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John
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John
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Virginia!
Welcome, KE, to the Forum!

That the Catholic Church has not officially recognized some Orthodox saints does not mean they are not saints. As Bob noted above, holiness knows no boundaries. And keep in mind that prior to modern times and the Vatican's centralization of the canonization process, the process was much more local.

You might check the archives. A quick search brought up a discussion from which had a quote from Saint Pope John Paul II in pointing out that in his book "Crossing the Threshold of Hope" he refers to "Saint Seraphim of Sarov".

John

Re: Acceptance of Eastern Orthodox saints [Re: Kyrie Eleison] #419445
09/14/19 11:22 PM
09/14/19 11:22 PM
Joined: Nov 2002
Posts: 6,432
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theophan Offline
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theophan  Offline
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Quote
How can Byzantines call schismatics saints


Kyrie Eleison:

Christ is in our midst!!

I want to take one more stab at your inquiry. You refer to "schismatics" in your post. If you refer to the Catechism of the Catholic Church, you will find that only Catholics can become heretics or schismatics in the Church's understanding of these terms at this date. The Vatican Council teaches that the status of those who call themselves Christians but who are not in communion with the Catholic Church because of their birth can be called neither schismatics nor heretics because they are not at fault at not being in communion with the Catholic Church. In other words, only we Catholics who have been baptized and confirmed in communion with Rome can be labeled one or the other, if and when, we jump ship and join another Christian community.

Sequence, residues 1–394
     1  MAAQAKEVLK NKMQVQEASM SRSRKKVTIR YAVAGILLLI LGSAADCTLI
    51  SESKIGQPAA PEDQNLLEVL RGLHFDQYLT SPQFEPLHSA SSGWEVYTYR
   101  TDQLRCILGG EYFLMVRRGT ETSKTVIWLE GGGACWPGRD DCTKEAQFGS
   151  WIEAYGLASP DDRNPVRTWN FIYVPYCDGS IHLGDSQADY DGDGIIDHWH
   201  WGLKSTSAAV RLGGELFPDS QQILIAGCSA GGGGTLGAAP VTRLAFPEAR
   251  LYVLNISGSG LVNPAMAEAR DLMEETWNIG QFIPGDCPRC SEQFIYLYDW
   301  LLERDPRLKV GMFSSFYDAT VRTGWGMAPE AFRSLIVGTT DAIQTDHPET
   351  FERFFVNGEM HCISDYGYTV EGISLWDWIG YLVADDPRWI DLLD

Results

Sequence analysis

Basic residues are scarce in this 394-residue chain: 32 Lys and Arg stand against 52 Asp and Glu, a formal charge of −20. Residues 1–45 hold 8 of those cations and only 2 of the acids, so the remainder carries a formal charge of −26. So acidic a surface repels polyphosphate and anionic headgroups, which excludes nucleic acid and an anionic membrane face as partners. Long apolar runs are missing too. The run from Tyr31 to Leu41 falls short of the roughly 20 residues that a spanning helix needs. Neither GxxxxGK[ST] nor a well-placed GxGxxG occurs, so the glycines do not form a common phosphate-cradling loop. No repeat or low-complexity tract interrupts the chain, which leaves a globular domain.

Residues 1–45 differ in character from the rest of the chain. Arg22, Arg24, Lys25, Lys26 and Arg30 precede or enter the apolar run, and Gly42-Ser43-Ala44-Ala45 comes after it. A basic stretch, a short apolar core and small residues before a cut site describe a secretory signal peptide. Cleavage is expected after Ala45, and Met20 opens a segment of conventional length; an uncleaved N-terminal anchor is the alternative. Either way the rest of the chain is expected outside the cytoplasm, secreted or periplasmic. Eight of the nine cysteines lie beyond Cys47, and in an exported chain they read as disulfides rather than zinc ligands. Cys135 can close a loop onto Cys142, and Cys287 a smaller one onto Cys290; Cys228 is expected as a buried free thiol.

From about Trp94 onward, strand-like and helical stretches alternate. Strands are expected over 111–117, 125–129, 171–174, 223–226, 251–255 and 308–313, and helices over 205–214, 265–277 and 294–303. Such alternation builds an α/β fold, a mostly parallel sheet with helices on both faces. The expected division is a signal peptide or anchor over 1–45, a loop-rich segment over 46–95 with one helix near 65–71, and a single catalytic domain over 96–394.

There is another dimension to the Mystery of what communion means. Communion has many levels. It is our relationship with Christ via Eucharistic Communion; it is our relationship to one another in our community; it is our relationship to all those who have gone before us, beginning with the Apostles. It is also very much a reality among the other Churches of Apostolic origin with whom we are not currently sharing the Eucharist. HOWEVER, the Council teaches us that they do, indeed, have the same relationship with Christ that we do in the Eucharist. So how do we explain that? Christ cannot be divided; nor can the Holy Trinity. So at some level that we cannot now see or experience, we must be sharing something with all these people. So it seems to me that it is a rather harsh throwback to an earlier polemical age to use these terms in referring to our brethren with whom we do not now share the Eucharist but with whom we should be praying that the Holy Spirit will show us the way to that day when we can.

Bob

Last edited by theophan; 09/16/19 07:42 PM. Reason: grammar adjustment